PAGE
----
~Ignatius Brianchaninov

March 24

Prayer is all-powerful on account of the all-powerful God Who acts in it. It is ‘the sword of the Spirit, which is the word of God.’  Prayer by its nature is communion and union of man with God; by its action it is the reconciliation of man with God, the mother and daughter of tears, a bridge for crossing temptations, a wall of protection from afflictions, a crushing of conflicts, boundless activity, the spring of virtues, the source of spiritual gifts, invisible progress, food of the soul, the enlightening of the mind, an axe for despair, a demonstration of hope, release from sorrow…

~Ignatius Brianchaninov

March 23

Ascetic practice is a good thing, but only when done with the right goal in mind. We ought to think of it not as the real task, but as a preparation for the real task; not as the fruit, but as the earth that can, with time, labor, and the help of God, bear trees from which the fruit will come–the fruit that is purity of intellect [the innermost depth of the heart] and union with God. To Him be glory throughout the ages. Amen.

~St Peter of Damaskos

Prayer requires the inseparable presence and cooperation of the attention. With attention, prayer becomes the inalienable property of the person praying; in the absence of attention, it is extraneous to the person praying. With attention, it bears abundant fruit; without attention, it produces thorns and thistles [thorns and thistles represent conceit and hypocrisy, self-delusion and formality].

The fruit of prayer consists in illumination of mind and compunction of heart, in the quickening of the soul with the life of the Spirit.

~Ignatius Brianchaninov

March 22

Prayer is the daughter of the fulfillment of the Gospel commandments, and is at the same time the mother of all the virtues…it is impossible for a person to turn with all his thought, with all his strength, and with all his being toward God, except by the action of prayer…regularity, progress, and proficiency in prayer are opposed by our corrupt nature and by the fallen angels who strive their utmost to keep us in their slavery, in the fallen state of aversion from God which is common to men and fallen angels.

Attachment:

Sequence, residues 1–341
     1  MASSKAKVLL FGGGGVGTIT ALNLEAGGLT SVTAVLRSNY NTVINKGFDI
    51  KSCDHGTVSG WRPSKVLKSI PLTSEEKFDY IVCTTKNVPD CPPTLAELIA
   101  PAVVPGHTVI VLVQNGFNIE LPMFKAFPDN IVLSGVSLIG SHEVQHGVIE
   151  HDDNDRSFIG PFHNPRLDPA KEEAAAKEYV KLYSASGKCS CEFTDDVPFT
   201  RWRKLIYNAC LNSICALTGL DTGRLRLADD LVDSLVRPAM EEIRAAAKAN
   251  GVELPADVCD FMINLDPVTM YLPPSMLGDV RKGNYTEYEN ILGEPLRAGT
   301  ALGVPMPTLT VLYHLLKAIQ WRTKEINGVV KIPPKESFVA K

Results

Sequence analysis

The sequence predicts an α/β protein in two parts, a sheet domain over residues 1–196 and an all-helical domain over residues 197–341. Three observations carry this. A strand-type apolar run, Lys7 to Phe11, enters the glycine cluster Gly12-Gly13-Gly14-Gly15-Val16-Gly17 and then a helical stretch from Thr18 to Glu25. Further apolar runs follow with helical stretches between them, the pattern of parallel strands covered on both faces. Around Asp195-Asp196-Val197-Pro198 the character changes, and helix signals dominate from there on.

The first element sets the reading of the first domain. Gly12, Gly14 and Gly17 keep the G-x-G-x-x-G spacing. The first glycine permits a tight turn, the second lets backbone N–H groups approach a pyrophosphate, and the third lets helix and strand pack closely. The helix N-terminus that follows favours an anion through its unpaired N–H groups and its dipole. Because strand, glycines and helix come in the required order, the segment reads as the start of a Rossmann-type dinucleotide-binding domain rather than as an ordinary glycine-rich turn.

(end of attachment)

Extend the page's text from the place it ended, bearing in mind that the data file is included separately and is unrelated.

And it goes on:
~Ignatius Brianchaninov

March 21

[Solomon] himself describes how God has sent subtle temptations to the sons of men, so that they might be distracted by vain things (Ecclesiastes 1:13) and thus prevented from turning towards what is even worse. All this is clear from the very nature of things. For if, when there are thousands of distractions, some still find opportunity to commit sins, how much more would this be the case if our lives were without distractions?

In such circumstances, it is better for us to be superficially distracted, and so prevented from devoting ourselves to holy things and holy thoughts, rather than for us to do many other things which are in fact worse.

~St Peter of Damaskos

March 20

Through humility in your dealings with your neighbor, and through love for your neighbor, hardness and callousness is expelled from the heart. It is rolled away like a heavy rock from the entrance to a tomb, and the heart revives for spiritual relations with God for which it has been hitherto dead.

A new vista opens to the gaze of the mind: the multitudinous wounds of sin with which the whole of fallen nature is riddled. It begins to confess its wretched state to God and implore Him for mercy. The heart assists the mind with mourning and compunction. This is the beginning of true prayer.

~Ignatius Brianchaninov